The 40 years required in the construction of the temple were long and difficult. In the meantime, the Saints who had gathered elsewhere in the Great Basin were completing other temples—St. George in 1877; Logan, 1884; and Manti, 1888. However, among the temples in current use the Salt Lake Temple is unsurpassed in its rich ornamentation, precise craftsmanship, and unique architecture. The Salt Lake Temple has come to symbolize the faith, dedication, and sacrifice of the Mormon people worldwide.

For Truman O. Angell, the architect, the building of the Salt Lake Temple was a great sacrifice. Angell, a skillful carpenter and joiner, was told in his patriarchal blessing that he would become a builder of temples and cities. He had been selected as the foreman of all carpenters and joiners working on the Nauvoo Temple. When most of the Saints moved out of Nauvoo, Angell remained behind, designing and completing the lower hall of the temple. He continued in Nauvoo until the temple was dedicated on April 30, 1846, whereupon he moved with the Saints, finding his way to the Salt Lake Valley in the spring of 1848.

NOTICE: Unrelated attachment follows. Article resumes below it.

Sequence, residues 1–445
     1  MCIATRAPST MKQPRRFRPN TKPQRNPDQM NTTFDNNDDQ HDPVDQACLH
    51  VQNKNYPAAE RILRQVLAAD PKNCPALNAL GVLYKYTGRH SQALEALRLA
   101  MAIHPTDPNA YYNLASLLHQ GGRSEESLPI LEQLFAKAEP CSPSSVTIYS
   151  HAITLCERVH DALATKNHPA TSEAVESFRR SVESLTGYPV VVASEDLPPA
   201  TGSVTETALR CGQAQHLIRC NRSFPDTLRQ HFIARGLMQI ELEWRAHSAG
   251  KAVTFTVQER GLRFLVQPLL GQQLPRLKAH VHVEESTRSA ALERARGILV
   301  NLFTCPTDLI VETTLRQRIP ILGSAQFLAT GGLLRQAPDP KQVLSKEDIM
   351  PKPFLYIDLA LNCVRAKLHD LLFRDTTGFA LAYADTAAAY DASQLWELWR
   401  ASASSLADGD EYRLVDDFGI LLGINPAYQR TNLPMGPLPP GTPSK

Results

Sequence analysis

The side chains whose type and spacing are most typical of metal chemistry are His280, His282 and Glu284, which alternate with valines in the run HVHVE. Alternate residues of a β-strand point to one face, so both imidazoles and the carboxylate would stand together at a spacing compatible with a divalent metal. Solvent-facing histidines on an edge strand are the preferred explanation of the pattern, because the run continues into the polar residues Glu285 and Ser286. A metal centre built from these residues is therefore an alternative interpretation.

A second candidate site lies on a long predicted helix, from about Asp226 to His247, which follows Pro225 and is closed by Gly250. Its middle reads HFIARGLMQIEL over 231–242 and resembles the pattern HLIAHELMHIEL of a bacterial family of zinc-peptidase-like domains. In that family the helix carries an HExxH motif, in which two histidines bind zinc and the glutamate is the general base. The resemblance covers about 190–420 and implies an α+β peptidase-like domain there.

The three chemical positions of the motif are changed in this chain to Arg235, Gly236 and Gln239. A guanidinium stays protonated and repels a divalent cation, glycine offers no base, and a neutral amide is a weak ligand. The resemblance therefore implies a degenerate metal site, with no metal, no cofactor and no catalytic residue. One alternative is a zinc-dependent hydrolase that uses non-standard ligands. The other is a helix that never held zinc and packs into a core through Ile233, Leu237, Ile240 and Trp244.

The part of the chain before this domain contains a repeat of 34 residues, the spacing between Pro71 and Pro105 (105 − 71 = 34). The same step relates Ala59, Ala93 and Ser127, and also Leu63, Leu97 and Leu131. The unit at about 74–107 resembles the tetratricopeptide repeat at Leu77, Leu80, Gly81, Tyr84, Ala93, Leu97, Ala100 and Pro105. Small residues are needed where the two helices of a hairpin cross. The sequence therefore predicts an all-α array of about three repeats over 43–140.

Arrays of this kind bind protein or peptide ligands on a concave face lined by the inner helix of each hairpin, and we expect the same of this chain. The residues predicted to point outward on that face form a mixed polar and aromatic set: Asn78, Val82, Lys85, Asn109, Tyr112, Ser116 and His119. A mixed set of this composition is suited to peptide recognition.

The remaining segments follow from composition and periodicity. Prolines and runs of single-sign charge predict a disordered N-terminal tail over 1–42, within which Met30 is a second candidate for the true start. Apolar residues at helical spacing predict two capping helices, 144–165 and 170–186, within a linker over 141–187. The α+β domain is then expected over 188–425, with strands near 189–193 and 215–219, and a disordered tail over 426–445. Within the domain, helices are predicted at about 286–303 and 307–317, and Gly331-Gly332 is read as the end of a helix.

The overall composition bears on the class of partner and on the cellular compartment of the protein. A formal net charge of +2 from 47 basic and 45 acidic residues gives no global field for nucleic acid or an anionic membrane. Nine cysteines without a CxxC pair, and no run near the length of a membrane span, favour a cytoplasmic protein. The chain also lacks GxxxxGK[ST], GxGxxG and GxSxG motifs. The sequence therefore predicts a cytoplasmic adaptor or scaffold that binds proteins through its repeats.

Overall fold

That fall President Young commissioned Brother Angell to serve as the architect for several public projects. On April 8, 1867, at the conference of the Church, Angell was sustained as “Architect for the Church,” in which capacity his major labor would be to design and supervise the construction of the Salt Lake Temple. A little of his temperament and the ill health that was to plague him throughout his career can be seen in his journal entry of April 21, 1868: